Thoughts are more real than objects

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Thoughts are more real than objects

Jeremy Dunham, PhD 

Quote:Idealism is often regarded as a philosophy entailing that the world exists just in our heads, which is obviously false. Rising philosophical star Dr. Jeremy Dunham argues that this view of idealism is a misconception. Idealism is a much more realist worldview than we think, and more realist than its alternatives, as it does not deny the existence of the most real things there are: thoughts. This essay is the latest instalment of our The Return of Idealism series, produced in a collaboration with the Institute of Art and Ideas (IA). It was first published by the IAI on 19 April 2024.

Quote:Berkeley opposed his view to those who regard our rich conscious phenomenal world, the world of tastes, feels, colours, and sounds, as in some way less real than the physical world. For Berkeley, the real stone is the coloured object which we see and feel and that resists us when kicked. If Johnson kicked the stone as hard as I imagine, he entered a world of pain. For Berkeley, this world is the real world. His idealism is ampliative, not reductive. Its aim is to account for the full extent of our reality. Berkeley, then, is not anti-stone. He argued that only idealism can do justice to stones.

Quote:The result of this is that we owe our individuality to a larger whole in which we are all systematically related and which relates us to each other in a fundamental way. Earlier I claimed that many people incorrectly regard idealism as a philosophy that is characterised by the things that it is against. However, here we find something that this kind of idealist really is anti: the idea of fundamental separateness. This has significant ethical implications. The most important absolute idealist of the twenty-first century, Timothy Sprigge (1932-2007), wrote that absolute idealism’s main message is that ‘we are nearer the core of things when we partly transcend it [our separateness] in cooperative ethical, cultural, and intellectual endeavours and in mutual aid.’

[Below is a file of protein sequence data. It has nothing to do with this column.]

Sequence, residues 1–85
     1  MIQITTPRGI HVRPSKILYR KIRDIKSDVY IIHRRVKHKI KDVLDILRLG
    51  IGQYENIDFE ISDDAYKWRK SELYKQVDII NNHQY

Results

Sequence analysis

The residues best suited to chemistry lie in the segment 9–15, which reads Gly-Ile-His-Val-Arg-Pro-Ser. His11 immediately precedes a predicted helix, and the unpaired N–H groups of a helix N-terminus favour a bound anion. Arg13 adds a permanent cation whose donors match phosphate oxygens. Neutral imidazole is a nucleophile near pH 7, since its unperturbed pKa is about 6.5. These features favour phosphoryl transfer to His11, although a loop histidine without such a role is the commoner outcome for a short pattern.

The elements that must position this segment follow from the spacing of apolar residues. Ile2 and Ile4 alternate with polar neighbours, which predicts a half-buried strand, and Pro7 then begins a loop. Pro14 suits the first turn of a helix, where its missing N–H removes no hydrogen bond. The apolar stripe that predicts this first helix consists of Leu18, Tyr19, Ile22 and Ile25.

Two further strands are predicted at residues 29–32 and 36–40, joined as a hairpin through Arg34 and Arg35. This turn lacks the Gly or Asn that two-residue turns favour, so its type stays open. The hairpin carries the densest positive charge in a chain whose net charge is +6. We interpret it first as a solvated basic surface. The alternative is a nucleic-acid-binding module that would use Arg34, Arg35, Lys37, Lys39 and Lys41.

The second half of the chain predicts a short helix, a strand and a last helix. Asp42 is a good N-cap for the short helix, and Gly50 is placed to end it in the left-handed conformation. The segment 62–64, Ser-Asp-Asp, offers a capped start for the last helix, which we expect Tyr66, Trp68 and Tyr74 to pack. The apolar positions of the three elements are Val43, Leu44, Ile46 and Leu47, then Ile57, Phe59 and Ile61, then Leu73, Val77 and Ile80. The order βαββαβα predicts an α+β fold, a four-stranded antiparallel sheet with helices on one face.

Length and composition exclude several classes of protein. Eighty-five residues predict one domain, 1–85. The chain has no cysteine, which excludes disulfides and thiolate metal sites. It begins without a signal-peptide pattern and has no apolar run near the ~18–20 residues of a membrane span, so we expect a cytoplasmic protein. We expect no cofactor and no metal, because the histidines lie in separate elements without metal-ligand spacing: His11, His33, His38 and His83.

'Historically, we may regard materialism as a system of dogma set up to combat orthodox dogma...Accordingly we find that, as ancient orthodoxies disintegrate, materialism more and more gives way to scepticism.'

- Bertrand Russell


[-] The following 2 users Like Sciborg_S_Patel's post:
  • stephenw, Brian
The object is a thought - that is a neurological interpretation of some kind of, presumably, external information.  I am moving farther and farther away from dualism in this regard.
(2024-04-22, 10:28 AM)Brian Wrote: The object is a thought - that is a neurological interpretation of some kind of, presumably, external information.  I am moving farther and farther away from dualism in this regard.

Then what about the Hard Problem? The essence of consciousness consists of totally immaterial and unmeasureable entities, such as qualia, perception, subjective awareness, thought, agency/intentionality, etc., none of which can have a neurological explanation since the interactions of neurons in the brain, being physical, are material and measureable/detectable and of a fundamentally entirely different and lower existential nature.
(2024-04-22, 04:05 PM)nbtruthman Wrote: Then what about the Hard Problem? The essence of consciousness consists of totally immaterial and unmeasureable entities, such as qualia, perception, subjective awareness, thought, agency/intentionality, etc., none of which can have a neurological explanation since the interactions of neurons in the brain, being physical, are material and measureable/detectable and of a fundamentally entirely different and lower existential nature.